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The value of money – Perline

How much has changed in Shimenkan since Pollard’s arrival?

How much has changed in Shimenkan since the Chinese government started their reconstruction work?

The answer to the first question is A LOT, but the answer to the second question can be both a lot and very little.

When Pollard first arrived at Shimenkan, he had no money. As a religious missionary, he had hope and a plan to do his work in the village. Without money, he couldn’t buy land from the villagers or the local government. However, he made a deal with the landlord. He asked for “some land that is only worth one whole piece of calfskin”. The landlord was confused, but he thought a full piece of calfskin is barely anything, so he said yes to Pollard’s request. That night, he cut up a whole piece of calfskin into thin strips and sewed them together into a long line. The next day, when he met with the landlord to take the land, he rounded up enough land to build a church with the strip of calfskin. With some villagers’ help, a church was built. In the beginning, the church served both as a school and a church. As time went, the first school and the first hospital was built at Shimenkan.

Three years ago, the Chinese government started to reform areas that are in poverty. Shimenkan was listed under one of the targeted rural villages in the “help the poor” project in China. In the whole process, the government invested over 10 BILLION Yuan on this small village. New apartment-style houses were built, and the village is physically connected with roads. However, even with the new houses and the roads, villagers here are still trapped in poverty. The government doesn’t seem to understand that the real way to improve these people’s lives is to teach them how to fish, not just give them the fish. From the physical appearance, Shimenkan has changed much more than what Pollard had done. However, what the village really needs is education that will provide them a chance and the ability to connect with the outside world.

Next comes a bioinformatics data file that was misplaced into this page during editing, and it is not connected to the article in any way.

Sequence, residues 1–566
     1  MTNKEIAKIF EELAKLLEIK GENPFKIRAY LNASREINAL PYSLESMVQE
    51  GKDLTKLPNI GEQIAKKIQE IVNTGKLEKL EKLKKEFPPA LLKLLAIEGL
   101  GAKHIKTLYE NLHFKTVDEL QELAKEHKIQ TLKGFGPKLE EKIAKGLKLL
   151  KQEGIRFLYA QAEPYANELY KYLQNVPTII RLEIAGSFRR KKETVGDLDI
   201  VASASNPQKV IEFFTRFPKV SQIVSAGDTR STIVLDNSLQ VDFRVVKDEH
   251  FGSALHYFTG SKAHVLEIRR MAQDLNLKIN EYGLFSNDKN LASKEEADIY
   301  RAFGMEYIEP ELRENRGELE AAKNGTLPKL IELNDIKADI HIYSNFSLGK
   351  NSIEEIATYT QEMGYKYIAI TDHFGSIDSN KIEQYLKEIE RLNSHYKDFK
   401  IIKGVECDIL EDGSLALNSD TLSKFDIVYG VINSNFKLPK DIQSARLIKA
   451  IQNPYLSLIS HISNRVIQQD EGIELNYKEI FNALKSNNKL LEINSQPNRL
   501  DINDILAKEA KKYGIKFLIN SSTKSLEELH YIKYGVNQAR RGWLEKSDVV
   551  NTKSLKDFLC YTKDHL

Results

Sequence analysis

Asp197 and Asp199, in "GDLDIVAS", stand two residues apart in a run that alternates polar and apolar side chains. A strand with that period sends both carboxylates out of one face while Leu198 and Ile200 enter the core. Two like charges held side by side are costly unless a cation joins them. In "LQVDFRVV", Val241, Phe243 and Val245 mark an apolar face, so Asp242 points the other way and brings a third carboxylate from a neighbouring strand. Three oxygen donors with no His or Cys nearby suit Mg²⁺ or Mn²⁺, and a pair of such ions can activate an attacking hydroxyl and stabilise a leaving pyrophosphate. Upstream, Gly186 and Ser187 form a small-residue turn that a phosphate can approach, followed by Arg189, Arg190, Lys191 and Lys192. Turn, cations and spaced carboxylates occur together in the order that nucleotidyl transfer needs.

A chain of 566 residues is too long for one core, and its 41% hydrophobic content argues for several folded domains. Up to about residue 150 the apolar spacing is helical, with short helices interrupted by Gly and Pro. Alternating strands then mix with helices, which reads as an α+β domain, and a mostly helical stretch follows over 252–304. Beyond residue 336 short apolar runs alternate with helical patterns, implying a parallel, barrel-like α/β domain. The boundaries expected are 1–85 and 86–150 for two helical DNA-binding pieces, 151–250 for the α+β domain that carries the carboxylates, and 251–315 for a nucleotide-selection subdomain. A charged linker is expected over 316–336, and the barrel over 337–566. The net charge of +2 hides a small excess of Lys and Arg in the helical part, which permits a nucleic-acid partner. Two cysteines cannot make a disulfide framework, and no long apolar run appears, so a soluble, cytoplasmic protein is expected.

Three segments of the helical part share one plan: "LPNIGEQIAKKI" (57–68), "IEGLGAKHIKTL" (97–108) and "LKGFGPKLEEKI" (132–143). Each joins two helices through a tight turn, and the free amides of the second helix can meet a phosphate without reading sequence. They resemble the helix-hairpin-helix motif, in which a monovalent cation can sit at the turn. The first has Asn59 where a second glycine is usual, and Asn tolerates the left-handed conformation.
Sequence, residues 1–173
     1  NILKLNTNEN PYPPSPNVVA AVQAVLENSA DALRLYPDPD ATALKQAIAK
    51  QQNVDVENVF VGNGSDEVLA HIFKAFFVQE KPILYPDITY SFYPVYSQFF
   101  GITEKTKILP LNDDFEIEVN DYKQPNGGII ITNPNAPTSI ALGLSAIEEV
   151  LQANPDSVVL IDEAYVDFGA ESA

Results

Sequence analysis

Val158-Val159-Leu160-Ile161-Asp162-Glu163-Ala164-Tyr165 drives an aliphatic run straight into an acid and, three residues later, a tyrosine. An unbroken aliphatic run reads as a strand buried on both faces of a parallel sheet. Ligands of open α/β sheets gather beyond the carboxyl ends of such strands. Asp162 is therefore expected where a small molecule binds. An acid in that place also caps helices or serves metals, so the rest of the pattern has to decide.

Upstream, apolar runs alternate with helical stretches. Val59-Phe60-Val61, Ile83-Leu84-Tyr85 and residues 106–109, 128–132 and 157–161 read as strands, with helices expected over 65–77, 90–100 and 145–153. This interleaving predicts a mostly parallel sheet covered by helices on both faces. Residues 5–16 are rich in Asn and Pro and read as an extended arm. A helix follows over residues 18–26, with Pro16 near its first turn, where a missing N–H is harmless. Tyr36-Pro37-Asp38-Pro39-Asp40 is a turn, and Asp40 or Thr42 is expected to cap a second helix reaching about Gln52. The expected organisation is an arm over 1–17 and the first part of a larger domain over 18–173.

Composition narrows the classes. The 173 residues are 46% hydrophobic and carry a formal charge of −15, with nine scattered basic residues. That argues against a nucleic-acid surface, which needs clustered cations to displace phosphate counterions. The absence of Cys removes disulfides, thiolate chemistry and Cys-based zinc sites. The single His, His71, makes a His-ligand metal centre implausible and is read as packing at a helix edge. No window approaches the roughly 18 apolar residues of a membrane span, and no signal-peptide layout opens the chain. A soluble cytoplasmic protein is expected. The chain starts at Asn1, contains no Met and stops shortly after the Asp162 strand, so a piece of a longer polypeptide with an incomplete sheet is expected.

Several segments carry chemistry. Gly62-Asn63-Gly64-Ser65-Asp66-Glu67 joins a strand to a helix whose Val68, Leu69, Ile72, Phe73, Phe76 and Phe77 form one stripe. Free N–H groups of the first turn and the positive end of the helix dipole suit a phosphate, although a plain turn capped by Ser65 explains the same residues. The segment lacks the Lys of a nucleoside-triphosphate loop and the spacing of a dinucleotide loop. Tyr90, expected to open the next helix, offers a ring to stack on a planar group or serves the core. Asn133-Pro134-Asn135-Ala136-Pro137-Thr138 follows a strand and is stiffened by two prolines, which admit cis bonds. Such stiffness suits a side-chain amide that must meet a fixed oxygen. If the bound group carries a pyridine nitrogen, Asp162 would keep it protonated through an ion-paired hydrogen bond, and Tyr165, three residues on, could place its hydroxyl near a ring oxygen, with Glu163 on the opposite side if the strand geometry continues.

With little money and resource, Pollard built a church, a school and a hospital that really improved people’s quality of life. With more than enough money, the government only helped the village on the most basic level. I hope that the government can see that it is the education system that needs to be improved so the villagers can build more wealth on their own.

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This picture was taken in the early days of Pollard’s arrival. I found this picture in the Shimenkan gallery.

Portraiture – Natalie

This weekend I finally got to get going on some of the stuff I talked to T. Chris about a week or so ago. Last night I had Maggie sit for me so that I could paint her. I painted her for about an hour and a half to try and get the bulk of the imprimatura done. Basically, the imprimatura is the sketch and toning layer of an oil painting. I first lay down a solid base color (this time I chose cadmium red with a hint of Venetian red to produce the warm pink color which underlies Maggie’s skin tone) by spreading thinned down paint with either a large brush, a paper towel, or a mixture of the two until I have an even medium to light shade covering the entirety of the canvas. Continue reading